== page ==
Other characters which may have significance with regard to the pinnotherid’s symbiotic lifestyle can be found in the larval development and morphology: most brachyuran zoea larvae possess paired lateral spines, and a dorsal and rostral spine [142], which are either regarded as buoyancy structures for planktonic dispersal or as an antipredatory adaptation. Within the Pinnotherinae, larvae of Pinnaxodes chilensis (H. Milne Edwards, 1837) [143], Clypeasterophilus rugatus [144], Nepinnotheres pinnotheres (as Pinnotheres veterum Bosc, 1801) [145], and Afropinnotheres monodi [146] also possess these spines, and confirm to the general brachyuran larval morphology. Several other species and genera of Pinnotherinae are known to lack the dorsal spine, such as Pinnotheres pisum and P. pectunculi [132], some are even completely spineless (e.g., Zaops ostreum [147]).
In the latter species, behavioural experiments revealed a specific behaviour when exposed to predators: zoea larvae of Z. ostreum, quickly sank to the sea floor when the pleon was flexed tightly against the body [147]. This behaviour was interpreted as an antipredatory defense [147], but may also have benefits for pea crab larvae settling in a habitat with suitable hosts or in a large aggregation of hosts as in mussel or oyster beds. It it worth noting that pinnotherines are not the only group in which some species show a reduction of spines in zoeal stages; this adaptation is also found in species of Leucosiidae and Hymenosomatidae [142,145], and may have evolved for similar reasons, either as an antipredatory strategy or for the control of larval settlement in suitable habitats (in both cases by being able to sink faster and more directional).
Some species of Pinnotherinae show an abbreviated larval development or even parental care. The larval development tends to be abbreviated in pinnotherines, by having only two to four zoeal stages, while most brachyuran crabs have five. In Tunicotheres moseri, symbiotic with ascidians [148], and Mesotheres barbatus (as Orthotheres barbatus (Desbonne in Desbonne & Schramm, 1867) [149]), only two zoea stages were found. Tunicotheres moseri also shows brood care: after the larvae hatch from the eggs, they are not dispersed, but remain under the female pleon until they reach the first crab stage [150].

3.6. Updated List of Symbiont-Host Associations

Updated symbiont-host association list for all recognized (valid) species within the Pinnotherinae are showed in Table 1.

4. Phylogenetic Significance of Adaptive Features and Future Perspectives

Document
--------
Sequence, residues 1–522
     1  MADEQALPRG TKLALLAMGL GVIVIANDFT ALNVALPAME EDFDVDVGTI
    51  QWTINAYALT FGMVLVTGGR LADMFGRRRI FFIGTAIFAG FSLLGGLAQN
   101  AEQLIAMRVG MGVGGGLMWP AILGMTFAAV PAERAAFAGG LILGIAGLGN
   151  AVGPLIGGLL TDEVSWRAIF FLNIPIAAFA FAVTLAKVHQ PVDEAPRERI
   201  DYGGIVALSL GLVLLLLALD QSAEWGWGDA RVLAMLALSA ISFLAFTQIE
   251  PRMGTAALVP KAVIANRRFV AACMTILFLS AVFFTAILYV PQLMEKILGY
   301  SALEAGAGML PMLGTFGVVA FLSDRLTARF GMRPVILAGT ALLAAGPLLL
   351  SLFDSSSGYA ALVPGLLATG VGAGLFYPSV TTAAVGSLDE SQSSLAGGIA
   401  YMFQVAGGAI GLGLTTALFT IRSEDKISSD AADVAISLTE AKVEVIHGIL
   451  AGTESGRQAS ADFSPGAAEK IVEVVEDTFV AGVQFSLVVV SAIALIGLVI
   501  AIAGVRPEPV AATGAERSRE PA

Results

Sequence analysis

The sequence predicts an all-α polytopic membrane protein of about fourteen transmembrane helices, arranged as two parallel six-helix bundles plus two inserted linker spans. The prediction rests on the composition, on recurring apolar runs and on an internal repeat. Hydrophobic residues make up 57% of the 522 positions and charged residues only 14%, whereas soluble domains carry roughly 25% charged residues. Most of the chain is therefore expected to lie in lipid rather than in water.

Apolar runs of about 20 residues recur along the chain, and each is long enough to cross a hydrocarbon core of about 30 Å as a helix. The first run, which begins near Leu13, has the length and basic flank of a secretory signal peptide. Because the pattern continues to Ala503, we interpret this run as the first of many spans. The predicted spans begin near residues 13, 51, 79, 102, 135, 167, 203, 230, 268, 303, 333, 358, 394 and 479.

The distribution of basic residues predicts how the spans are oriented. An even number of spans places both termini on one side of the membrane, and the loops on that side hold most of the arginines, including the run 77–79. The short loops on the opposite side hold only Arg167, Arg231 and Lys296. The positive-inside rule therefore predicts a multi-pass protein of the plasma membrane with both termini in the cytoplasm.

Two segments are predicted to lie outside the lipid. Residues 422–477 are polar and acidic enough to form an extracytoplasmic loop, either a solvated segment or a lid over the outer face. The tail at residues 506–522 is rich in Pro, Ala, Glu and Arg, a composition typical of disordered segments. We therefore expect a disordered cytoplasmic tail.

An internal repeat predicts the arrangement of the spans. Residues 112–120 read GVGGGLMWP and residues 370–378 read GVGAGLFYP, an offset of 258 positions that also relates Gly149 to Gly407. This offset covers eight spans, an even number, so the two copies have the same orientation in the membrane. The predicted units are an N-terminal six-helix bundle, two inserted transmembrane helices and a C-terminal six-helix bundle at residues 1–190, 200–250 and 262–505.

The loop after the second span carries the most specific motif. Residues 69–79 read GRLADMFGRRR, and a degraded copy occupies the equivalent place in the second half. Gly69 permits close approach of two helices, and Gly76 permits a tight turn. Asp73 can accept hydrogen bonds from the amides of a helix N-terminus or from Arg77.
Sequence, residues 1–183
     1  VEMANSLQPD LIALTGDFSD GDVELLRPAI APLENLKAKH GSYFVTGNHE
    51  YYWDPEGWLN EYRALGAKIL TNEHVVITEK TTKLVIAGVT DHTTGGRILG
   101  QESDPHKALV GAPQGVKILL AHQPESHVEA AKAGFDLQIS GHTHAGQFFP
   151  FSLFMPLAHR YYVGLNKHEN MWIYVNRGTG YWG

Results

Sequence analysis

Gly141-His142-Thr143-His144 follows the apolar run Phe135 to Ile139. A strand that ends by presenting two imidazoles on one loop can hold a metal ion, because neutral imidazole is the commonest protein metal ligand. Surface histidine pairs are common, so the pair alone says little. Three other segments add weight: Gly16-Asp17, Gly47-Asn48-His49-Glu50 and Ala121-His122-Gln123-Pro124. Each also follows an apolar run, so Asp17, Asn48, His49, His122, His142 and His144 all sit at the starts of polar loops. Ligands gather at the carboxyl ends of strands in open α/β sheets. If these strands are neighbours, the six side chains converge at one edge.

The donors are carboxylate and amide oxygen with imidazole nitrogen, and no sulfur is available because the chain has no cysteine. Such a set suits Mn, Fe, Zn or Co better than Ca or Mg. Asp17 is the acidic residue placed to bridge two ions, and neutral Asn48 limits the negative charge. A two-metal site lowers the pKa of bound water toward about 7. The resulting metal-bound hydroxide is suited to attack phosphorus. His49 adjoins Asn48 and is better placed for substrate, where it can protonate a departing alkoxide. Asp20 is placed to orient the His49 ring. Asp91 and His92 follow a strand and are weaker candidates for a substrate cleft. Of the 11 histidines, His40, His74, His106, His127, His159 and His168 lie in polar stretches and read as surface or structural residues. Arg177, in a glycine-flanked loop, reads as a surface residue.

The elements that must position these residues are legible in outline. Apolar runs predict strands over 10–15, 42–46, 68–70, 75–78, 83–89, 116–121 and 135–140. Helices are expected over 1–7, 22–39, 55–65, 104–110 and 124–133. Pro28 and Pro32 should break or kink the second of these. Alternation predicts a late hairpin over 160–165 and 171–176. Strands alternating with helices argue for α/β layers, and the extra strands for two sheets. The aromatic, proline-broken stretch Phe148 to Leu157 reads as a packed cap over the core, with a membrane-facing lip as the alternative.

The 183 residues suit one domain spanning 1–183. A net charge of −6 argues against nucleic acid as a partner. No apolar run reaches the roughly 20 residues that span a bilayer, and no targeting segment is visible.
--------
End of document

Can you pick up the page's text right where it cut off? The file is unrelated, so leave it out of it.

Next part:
The phylogenetic significance of the morphological adaptations can be examined by linking the adaptations with recent molecular phylogenetic reconstructions [5,18]. Most adaptive features seem to be the result of convergent evolution, rather than shared synapomorphies [5], and these are: the size, ornamentations, colour patterns, and setation of the carapace, in addition to the differences between male and female carapaces; the morphology of the eyes, rostrum, third maxillipeds [85], and the specialised feeding structures on the chelipeds. More data are needed to confirm if the adaptive features of the ambulatory legs bear any phylogenetic significance (especially the features of the dactyli).
Although many more species need to be included in future molecular analyses, a few adaptive features could be phylogenetically relevant characters that are taxonomically important. The development of swimming setae in both males and females in their hard stages for copulation in open water (the ‘second strategy’ in [8]) can be found in some genera listed within the West Atlantic and eastern Pacific ‘Pinnotherinae II’ group (sensu [5]). The swimming setae can be found in Calyptraeotheres, Fabia (specifically F. subquadrata), and Tumidotheres, and may be used by Fabia emiliai (de Melo, 1971) and Juxtafabia muliniarum (Rathbun, 1918), judging from the swimming setae seen in the presented figures [116,163]. This strategy is not known from the other species clustering in the same lineage: Tunicotheres moseri, Holothuriophilus pacificus (Poeppig, 1836), Pinnaxodes chilensis, and the species in the Dissodactylus complex.
All these species have a firm to hard carapace in the ‘post-hard’ stages of the female, which is not the case in the other analysed branches of pinnotherine evolution and might be an adaptation associated with open-water copulation. Such ‘swarming’ behaviour is also known from some Austrotheres species, and female swimming setae are known from some members of Afropinnotheres, Nepinnotheres, Ostracotheres, and Pinnotheres (all not included in the phylogenetic reconstructions [5]). Those are all species from the Indo-West Pacific and will probably be placed elsewhere on the tree later on.